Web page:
Tinsel and/or yarn can be a fun toy, but a few minutes of fun can result in severe consequences for your cat or dog. Many times, you may not know what your pet ate until you see it coming out of its back end. And, if you do see it, never pull it out. You don’t how much or how long the foreign body is, and if you pull on it, it can tangle or tear the colon or intestines. Always see your veterinarian if you suspect that your pet has ingested a foreign body. Many times, your veterinarian can take a radiograph or use an endoscope (a flexible device that is inserted into the stomach or intestines) to determine if and what your pet has consumed.
Several holiday items that are dangerous to pets are mistletoe, lilies, chocolate, raisins/grapes (also fruitcake), turkey bones, and poinsettia. You also need to be aware of what you’re putting under the tree. That package may contain something that your pet just can’t resist. A dog’s ability to smell is about 100 times better than that of a human, which means that your dog is probably smelling that box of candy from the backyard. Many holiday treats, foods, and plants can be toxic or even lethal to pets. It’s always a good idea to keep your veterinarian’s phone number close to the phone, or better yet, programmed in your cell phone, just in case you need to make that call.
If you use a live tree for Christmas, make sure your pets don’t have access to the tree’s water bowl. Fertilizers used to help the tree grow and chemicals used after the tree is harvested can contaminate the water and cause stomach upset. Cover the dish with a tree skirt or other festive fabric. Candles are a beautiful addition to Christmas decorations and a necessity for Hanukkah celebrations but take extra care to make sure they’re out of your pet’s reach and that they’re never left unattended. Consider using an electric menorah or electric candles. Consider shatter proof ornaments for your tree to prevent your pets from breaking the glass ones.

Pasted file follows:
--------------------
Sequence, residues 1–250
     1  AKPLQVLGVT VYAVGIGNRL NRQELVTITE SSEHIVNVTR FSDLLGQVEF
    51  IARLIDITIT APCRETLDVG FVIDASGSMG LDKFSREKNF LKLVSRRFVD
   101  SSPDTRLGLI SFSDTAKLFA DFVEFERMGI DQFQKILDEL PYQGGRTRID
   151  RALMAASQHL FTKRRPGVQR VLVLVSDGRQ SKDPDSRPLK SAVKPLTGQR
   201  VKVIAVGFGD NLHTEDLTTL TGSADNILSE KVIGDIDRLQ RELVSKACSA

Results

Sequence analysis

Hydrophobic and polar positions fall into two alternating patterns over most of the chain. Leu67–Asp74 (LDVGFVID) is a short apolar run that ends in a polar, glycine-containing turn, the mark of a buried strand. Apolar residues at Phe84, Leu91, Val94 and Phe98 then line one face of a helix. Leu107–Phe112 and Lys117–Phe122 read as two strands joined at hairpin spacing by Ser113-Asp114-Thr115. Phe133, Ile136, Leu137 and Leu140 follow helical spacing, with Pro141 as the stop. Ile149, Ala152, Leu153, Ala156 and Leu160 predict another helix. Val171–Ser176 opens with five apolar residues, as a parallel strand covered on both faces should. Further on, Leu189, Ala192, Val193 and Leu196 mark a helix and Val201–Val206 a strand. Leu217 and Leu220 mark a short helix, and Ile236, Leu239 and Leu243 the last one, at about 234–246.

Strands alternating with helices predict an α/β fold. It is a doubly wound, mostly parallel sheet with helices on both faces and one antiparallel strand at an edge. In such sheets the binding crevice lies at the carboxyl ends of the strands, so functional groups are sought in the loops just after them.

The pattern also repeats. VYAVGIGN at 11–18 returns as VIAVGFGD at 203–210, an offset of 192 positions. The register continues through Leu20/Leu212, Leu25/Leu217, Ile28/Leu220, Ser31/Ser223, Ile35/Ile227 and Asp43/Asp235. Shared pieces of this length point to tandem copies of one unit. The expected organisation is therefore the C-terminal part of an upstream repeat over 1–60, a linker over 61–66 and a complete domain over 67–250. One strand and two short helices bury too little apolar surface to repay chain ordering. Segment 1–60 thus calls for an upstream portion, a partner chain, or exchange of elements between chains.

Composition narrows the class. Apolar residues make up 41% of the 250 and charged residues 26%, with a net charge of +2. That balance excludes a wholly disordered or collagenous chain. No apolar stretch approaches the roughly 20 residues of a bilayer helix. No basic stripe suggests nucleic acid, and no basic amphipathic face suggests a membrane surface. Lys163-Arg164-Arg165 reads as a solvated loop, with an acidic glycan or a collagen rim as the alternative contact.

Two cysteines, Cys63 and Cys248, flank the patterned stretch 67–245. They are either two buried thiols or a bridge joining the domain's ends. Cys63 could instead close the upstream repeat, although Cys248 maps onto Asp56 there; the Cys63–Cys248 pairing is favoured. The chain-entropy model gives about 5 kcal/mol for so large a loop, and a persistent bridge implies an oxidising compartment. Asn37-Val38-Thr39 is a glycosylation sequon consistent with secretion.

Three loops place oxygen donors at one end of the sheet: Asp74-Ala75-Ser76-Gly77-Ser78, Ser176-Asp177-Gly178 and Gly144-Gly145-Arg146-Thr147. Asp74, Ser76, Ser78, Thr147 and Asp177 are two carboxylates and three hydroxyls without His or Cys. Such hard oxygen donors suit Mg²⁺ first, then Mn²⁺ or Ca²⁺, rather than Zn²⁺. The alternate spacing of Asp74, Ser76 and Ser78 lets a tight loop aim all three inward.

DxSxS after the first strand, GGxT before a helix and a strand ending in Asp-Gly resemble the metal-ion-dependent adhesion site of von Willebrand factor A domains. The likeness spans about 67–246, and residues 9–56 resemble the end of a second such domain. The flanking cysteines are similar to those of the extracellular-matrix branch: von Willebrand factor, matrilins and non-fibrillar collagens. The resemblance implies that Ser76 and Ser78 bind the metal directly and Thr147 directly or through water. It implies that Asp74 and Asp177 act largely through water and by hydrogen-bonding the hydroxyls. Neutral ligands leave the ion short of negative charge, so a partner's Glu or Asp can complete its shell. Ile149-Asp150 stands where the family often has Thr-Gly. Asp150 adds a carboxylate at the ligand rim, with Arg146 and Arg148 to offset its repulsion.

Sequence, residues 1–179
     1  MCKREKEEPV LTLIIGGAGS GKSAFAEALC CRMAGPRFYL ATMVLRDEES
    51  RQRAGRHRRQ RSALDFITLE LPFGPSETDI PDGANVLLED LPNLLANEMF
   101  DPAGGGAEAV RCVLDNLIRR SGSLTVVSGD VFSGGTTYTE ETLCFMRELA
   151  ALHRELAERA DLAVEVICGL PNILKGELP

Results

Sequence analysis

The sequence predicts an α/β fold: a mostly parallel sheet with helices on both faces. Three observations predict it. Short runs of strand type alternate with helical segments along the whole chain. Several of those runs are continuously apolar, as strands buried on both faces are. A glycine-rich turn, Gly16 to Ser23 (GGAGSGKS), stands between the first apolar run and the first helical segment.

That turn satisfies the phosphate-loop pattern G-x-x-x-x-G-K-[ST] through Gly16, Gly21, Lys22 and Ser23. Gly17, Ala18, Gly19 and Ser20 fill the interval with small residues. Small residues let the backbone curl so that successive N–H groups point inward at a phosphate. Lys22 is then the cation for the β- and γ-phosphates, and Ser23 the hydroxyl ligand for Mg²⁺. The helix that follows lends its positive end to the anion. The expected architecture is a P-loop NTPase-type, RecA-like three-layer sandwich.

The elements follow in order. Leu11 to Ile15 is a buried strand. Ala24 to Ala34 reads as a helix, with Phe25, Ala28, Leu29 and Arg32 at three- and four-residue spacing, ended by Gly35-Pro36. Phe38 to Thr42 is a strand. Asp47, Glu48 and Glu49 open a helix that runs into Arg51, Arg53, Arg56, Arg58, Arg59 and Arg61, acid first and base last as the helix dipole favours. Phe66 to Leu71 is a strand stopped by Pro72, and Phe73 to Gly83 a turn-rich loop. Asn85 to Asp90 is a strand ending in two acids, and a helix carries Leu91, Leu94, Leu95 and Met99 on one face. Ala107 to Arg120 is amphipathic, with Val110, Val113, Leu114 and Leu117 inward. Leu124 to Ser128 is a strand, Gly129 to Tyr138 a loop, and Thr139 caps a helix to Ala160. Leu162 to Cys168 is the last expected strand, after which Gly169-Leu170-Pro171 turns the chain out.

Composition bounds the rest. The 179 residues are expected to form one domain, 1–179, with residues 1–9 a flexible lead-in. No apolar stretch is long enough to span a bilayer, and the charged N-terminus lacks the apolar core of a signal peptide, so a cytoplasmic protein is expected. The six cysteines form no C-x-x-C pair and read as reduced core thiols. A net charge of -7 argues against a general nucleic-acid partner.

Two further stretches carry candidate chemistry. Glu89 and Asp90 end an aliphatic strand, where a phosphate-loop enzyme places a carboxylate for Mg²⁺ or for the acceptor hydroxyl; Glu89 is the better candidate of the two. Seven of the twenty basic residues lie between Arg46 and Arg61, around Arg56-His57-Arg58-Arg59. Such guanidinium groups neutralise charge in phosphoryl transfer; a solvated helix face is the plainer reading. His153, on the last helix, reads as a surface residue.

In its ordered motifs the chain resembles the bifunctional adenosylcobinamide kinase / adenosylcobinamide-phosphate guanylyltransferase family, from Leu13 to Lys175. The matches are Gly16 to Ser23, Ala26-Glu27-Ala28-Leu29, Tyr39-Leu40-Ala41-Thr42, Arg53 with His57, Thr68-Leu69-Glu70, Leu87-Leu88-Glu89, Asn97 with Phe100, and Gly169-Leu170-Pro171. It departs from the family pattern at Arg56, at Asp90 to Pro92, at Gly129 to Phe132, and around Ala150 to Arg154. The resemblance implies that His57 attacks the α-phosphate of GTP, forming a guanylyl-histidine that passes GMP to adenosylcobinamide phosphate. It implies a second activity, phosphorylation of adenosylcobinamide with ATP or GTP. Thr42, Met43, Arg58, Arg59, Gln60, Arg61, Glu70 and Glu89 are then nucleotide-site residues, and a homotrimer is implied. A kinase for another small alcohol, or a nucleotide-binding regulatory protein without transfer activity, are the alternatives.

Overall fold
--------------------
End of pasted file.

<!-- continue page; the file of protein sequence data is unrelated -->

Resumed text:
Poinsettias and holly are beautiful and a holiday tradition for many of us, but they are also poisonous to people and animals. Mistletoe can cause gastrointestinal and cardiovascular problems. Make sure mistletoe is firmly attached wherever you hang it and that the plants are well out of reach. The safest solution would be to use artificial plants and flowers.
Light cords can be tempting toys puppies and kittens. Either keep them tucked behind furniture or tape them down. One thing to do is to cut a slit down the side of an empty paper towel cardboard center, gather the cord up inside, and tape it shut again, eliminating extra cording which could then be tucked out of the way.
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